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The world waits anxiously, impatiently for the US vote count



From Ford Model T cars that ship in just 90 minutes to 60 seconds on burgers, the United States has made a big contribution to making the world a frenetic and impatient place, ready and hungry. immediately satisfied.

So wake up on Wednesday that the US election winner may not be known for hours, days or so – experts have filled the global waves with good bets. most of them – have annoyed a drugged planet by most American exports: speed.

In the absence of an immediate winner between President Donald Trump and challenger Joe Biden, the guessing game tries to figure out which of them will end up in the White House and how, quickly becomes. Global. Government leaders tried to understand the delays, and ordinary citizens swapped views, hopes and fears on feeds and phones.

Japanese Finance Minister Taro Aso said: “I heard that it may be a while before everything is settled. “I don̵

7;t know how it could affect us.”

In Paris, a Spanish resident, Javier Saenz, was surprised to wake up with no declared winner.

“I thought it would be clear. And I’ve read various articles, nobody really knows who’s going to win, ”he said. “I was very shocked by that.”

But the lack of results shouldn’t be surprising to experts – and by itself it’s not a sign that anything is wrong.. In a year turned upside down by the coronavirus pandemic, many states made postal voting easier. That means slowdowns in aggregating results as postal ballot mail usually takes longer to process than mail sent at polling stations.

However, the anxiety of ignorance is mingled with growing fears about how America could heal after a divisive election and the anxiety fueled by unusual victory claims. and soon Trump himself and his threats to bring election to the Supreme Court to stop counting votes.

In particular, from Europe, the call for patience and a full tally of the votes was launched. In Slovenia, the birthplace of first lady Melania Trump, right-wing Prime Minister Janez Jansa declared “pretty clear that the American people voted Donald Trump”, but he was a lonely voice among leaders in outperforming any company. result.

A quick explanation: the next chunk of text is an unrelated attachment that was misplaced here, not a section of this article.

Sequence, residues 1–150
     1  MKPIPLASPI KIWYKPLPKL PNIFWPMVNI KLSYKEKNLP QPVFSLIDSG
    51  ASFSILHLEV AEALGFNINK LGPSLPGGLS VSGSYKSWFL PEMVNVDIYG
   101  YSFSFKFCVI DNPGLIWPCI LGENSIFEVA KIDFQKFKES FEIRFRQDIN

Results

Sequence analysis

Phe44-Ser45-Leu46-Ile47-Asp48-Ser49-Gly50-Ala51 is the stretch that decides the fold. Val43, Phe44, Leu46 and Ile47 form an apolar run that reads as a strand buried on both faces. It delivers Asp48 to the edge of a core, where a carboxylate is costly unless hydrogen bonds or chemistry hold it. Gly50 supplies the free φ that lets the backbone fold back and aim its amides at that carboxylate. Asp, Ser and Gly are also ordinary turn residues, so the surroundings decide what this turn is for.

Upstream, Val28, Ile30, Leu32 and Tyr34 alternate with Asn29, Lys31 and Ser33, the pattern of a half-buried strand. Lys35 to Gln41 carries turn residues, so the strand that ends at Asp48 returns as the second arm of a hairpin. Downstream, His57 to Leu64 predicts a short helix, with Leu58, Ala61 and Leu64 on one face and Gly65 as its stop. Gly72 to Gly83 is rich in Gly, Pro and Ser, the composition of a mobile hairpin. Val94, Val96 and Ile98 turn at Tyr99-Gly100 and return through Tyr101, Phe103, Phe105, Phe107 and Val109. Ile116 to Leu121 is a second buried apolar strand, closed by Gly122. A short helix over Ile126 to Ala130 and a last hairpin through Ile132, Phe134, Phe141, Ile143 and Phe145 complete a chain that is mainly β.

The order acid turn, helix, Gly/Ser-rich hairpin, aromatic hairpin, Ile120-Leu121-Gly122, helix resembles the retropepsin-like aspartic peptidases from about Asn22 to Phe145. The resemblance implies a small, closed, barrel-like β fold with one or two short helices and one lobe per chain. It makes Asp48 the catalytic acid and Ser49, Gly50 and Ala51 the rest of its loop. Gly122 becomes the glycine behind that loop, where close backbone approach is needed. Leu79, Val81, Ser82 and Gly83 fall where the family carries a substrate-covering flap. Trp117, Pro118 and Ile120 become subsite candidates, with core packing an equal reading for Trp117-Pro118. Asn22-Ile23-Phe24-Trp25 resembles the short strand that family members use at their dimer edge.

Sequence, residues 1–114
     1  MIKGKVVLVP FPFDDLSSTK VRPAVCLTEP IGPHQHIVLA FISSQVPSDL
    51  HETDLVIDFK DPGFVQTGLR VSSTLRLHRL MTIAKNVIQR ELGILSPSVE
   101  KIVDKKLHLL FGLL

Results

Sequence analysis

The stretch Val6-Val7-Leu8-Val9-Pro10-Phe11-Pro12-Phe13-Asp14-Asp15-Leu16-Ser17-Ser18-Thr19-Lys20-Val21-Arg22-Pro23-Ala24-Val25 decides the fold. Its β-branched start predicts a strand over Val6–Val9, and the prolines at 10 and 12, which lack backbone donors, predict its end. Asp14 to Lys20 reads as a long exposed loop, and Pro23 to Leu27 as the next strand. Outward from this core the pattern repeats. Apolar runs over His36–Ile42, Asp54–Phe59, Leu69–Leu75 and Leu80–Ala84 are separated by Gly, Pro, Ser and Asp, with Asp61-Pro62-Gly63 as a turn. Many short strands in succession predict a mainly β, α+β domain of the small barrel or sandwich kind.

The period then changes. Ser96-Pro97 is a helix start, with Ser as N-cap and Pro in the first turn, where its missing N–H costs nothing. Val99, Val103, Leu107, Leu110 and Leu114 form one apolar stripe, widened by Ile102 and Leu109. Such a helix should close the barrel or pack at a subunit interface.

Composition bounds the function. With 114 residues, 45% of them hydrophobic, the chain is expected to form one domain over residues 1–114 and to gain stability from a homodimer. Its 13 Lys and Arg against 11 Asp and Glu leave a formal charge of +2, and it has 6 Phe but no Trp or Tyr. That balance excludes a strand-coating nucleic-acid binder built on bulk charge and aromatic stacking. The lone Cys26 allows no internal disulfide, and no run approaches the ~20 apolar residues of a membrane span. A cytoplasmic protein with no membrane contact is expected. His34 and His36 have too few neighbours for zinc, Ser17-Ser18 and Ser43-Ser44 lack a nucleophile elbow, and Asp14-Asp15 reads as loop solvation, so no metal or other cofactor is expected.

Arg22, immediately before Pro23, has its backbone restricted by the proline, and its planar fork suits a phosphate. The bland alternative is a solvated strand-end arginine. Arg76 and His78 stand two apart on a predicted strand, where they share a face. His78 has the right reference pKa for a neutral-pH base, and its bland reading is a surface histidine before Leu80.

Germany’s deputy prime minister, Olaf Scholz, emphasized a complete tally, saying: “It is important for us that everything counts and we have a clear result in the end.”

Main industry lobbyists in Germany, Europe’s largest economy, warn that business confidence could be compromised by lingering uncertainty. And German Defense Minister Annegret Kramp-Karrenbauer said that “the battle over the legitimacy of the outcome – whatever it will be – has now begun.”

“This is a very explosive situation. She said on ZDF TV is a situation where experts say it could lead to a constitutional crisis in America. “It’s something we have to worry about a lot for sure.”

In the financial markets, investors struggle to understand it all, causing some indices to rise and others to decline.

In the absence of an immediate winner, there were a number of people from Russia, Africa and other parts of the world cheering for repeatedly receiving criticism from the United States, with claims that elections and vote counting have exposed the imperfections of American democracy. .

“Africa has learned American democracy, America is now learning African democracy,” Nigerian Sen. Shehu Sani tweeted, reflecting the common views of some people on the continent who have long met. trouble in the US elections and criticism of the US about them.

In Zimbabwe, spokesman for the ruling ZANU-PF party, Patrick Chinamasa, said: “We have nothing to learn about democracy from former slave owners.”

Traditional US allies cling to the belief that no matter Trump or Biden emerges as winners, the longstanding fundamentals that underpin some of the key US relationships will survive uncertainty. and the US electoral process.

Thierry Breton, Commissioner in charge of internal EU markets, said: “Whatever the election results, they will remain our allies for many years and decades.

That idea was echoed by Japan’s prime minister, Yoshihide Suga, who said at a parliamentary session that “the Japan-US alliance is the foundation of Japanese diplomacy, and on that premise, I will Developing a strong relationship with a new president. “

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AP journalists around the world have contributed.


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